Geriatric Healthcare Specialist Los Banos CA

In a study recently published in the Journal of Alzheimer’s Disease, researchers from Brown Medical School found that reduced glucose uptake and decreased metabolism in the hippocampus—the area of the brain associated with memory—cause neurodegeneration and cognitive impairment.

Richard John Ham, MD
830 S Ham Ln
Lodi, CA
Specialties
Geriatrics, Geriatric Medicine-Internal Medicine
Gender
Male
Education
Medical School: Univ London, London Hosp Med Coll (See 917-31)
Graduation Year: 1969

Data Provided by:
Paul Henry Kosieradzki, MD
(714) 375-7550
18811 Huntington St Ste 200
Huntington Beach, CA
Specialties
Geriatrics, Geriatric Psychiatry
Gender
Male
Education
Medical School: Rush Med Coll Of Rush Univ, Chicago Il 60612
Graduation Year: 1984

Data Provided by:
Teresa Pham
(415) 292-8888
1333 Bush St
San Francisco, CA
Specialty
Geriatric Medicine

Data Provided by:
Susan H Wakerlin
(510) 752-1000
280 W Macarthur Blvd
Oakland, CA
Specialty
Geriatric Medicine

Data Provided by:
Steven Patrick Doan, MD
9515 Soquel Dr Ste 100
Aptos, CA
Specialties
Geriatrics, Geriatric Medicine-Internal Medicine
Gender
Male
Education
Medical School: St George'S Univ, Sch Of Med, St George'S, Grenada
Graduation Year: 1996

Data Provided by:
Carl Haller
(916) 483-3437
3609 Mission Ave
Carmichael, CA
Specialty
Geriatric Medicine

Data Provided by:
Ronald Edward Julis, MD
(707) 252-0313
1720 Jefferson St
Napa, CA
Specialties
Geriatrics, Geriatric Medicine-Internal Medicine
Gender
Male
Education
Medical School: Creighton Univ Sch Of Med, Omaha Ne 68178
Graduation Year: 1972

Data Provided by:
Michael Y Karapetian
(323) 913-9300
5220 Santa Monica Blvd
Los Angeles, CA
Specialty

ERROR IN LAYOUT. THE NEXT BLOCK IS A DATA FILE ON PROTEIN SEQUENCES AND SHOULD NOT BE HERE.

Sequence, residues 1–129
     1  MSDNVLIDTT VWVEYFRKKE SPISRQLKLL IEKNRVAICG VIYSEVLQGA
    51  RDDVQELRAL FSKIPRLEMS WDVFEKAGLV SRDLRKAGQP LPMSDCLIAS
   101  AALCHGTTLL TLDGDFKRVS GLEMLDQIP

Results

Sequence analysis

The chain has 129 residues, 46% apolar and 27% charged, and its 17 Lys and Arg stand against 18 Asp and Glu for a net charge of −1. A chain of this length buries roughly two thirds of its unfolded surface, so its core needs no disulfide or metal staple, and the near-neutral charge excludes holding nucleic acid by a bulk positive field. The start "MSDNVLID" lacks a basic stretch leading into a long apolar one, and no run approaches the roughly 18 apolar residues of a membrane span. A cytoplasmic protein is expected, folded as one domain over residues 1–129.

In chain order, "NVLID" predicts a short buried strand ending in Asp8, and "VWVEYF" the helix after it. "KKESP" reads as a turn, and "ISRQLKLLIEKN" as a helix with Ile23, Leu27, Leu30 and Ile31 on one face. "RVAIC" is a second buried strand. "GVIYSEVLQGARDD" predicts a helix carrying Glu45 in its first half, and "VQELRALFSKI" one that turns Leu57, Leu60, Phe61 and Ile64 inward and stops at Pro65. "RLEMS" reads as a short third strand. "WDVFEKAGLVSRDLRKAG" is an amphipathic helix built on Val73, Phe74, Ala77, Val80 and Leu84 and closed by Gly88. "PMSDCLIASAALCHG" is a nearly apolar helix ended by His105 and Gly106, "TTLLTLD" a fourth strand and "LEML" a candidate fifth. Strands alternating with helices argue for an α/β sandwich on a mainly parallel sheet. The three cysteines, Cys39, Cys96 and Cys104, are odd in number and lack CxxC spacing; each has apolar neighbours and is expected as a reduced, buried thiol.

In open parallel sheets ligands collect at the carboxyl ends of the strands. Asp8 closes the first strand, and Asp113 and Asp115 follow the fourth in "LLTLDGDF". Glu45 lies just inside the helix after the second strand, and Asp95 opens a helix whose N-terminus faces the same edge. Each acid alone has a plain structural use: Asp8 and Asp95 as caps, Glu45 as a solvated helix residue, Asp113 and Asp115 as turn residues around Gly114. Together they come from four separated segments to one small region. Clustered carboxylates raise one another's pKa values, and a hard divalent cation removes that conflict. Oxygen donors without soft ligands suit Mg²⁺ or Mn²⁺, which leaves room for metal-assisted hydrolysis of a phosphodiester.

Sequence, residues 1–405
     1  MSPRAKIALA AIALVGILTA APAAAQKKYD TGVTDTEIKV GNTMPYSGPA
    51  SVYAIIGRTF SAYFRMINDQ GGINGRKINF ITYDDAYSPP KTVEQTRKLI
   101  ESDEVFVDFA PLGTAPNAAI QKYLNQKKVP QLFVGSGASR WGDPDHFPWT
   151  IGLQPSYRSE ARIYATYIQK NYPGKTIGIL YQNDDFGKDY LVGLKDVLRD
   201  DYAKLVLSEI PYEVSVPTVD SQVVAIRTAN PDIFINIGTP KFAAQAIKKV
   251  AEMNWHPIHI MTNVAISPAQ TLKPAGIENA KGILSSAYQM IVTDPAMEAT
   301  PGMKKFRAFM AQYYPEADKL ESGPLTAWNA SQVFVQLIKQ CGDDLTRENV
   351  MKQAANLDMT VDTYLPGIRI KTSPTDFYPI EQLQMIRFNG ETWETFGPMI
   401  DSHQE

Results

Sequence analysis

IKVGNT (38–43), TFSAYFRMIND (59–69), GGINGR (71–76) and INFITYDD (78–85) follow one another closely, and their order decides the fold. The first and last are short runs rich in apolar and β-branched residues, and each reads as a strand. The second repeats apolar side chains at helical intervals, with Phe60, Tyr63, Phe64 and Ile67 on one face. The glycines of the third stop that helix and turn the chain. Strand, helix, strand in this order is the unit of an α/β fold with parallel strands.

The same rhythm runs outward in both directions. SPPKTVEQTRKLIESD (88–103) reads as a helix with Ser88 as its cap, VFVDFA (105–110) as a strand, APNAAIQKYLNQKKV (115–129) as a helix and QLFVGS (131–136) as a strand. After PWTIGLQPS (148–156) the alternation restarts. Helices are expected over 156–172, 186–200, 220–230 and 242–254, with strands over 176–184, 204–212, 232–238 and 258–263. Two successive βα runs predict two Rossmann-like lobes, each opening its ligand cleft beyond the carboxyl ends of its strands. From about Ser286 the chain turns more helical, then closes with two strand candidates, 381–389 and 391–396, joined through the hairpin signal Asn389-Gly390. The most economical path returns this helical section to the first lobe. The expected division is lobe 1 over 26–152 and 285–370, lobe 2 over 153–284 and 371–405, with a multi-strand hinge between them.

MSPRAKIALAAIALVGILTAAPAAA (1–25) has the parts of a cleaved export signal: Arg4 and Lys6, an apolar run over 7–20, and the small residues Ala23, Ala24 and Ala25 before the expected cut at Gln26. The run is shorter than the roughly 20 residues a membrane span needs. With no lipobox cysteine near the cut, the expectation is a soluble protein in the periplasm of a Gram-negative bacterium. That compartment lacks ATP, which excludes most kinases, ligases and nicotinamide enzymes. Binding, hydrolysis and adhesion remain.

Geriatric Medicine

Data Provided by:
Parvez Razzaque Memon
(661) 327-3747
3551 Q Street
Bakersfield, CA
Specialty
Internal Medicine, Geriatric Medicine

Data Provided by:
Mihaela Sabina Shabdeen
(714) 835-8501
1002 N Fairview St
Santa Ana, CA
Specialty
Family Practice, Geriatric Medicine

Data Provided by:
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Food for Thought

Provided by: 

By Kris Kucera

Rarely does an extended family get a free pass from Alzheimer’s disease or diabetes mellitus. On the surface, these two afflictions appear totally unrelated —Alzheimer’s (AD), Mother Nature’s cruel version of identity theft; and diabetes, the glucose-metabolism disorder that affects both young and old alike. However, new research indicates that the two diseases behave in a similar manner.

In a study recently published in the Journal of Alzheimer’s Disease, researchers from Brown Medical School found that reduced glucose uptake and decreased metabolism in the hippocampus—the area of the brain associated with memory—cause neurodegeneration and cognitive impairment. This, they say, suggests that a form of diabetes, tentatively dubbed type 3, leads to AD.

Type 1 diabetes results from a severe or complete lack of insulin, a hormone made in the pancreas that controls blood sugar. Type 2, dubbed adult onset diabetes (although these days it occurs in teenagers and even younger kids), also stems from a dearth of insulin, or insulin resistance —the existing insulin molecules cannot deliver glucose through the cells’ membranes. Surprisingly, the researchers found a new form of insulin, produced in the brain, and they believe that, over time, decreasing levels of this “brain insulin” and other insulin-related proteins ultimately precipitate AD. While levels of brain insulin have no known affect on a body’s overall blood sugar, scientists have long recognized that diabetes patients are more likely to develop AD than those without the disease.

Skeptics of the Brown team’s findings argue that our brains produce so little insulin in the first place, reduced levels of the hormone can’t possibly play a significant role in AD. Regardless, the new data show that AD may be a neuroendocrine disorder, thus increasing the possibility for more effective treatments. And that gives hope to all of us who may one day be touched, directly or indirectly, by the merciless hand of AD.

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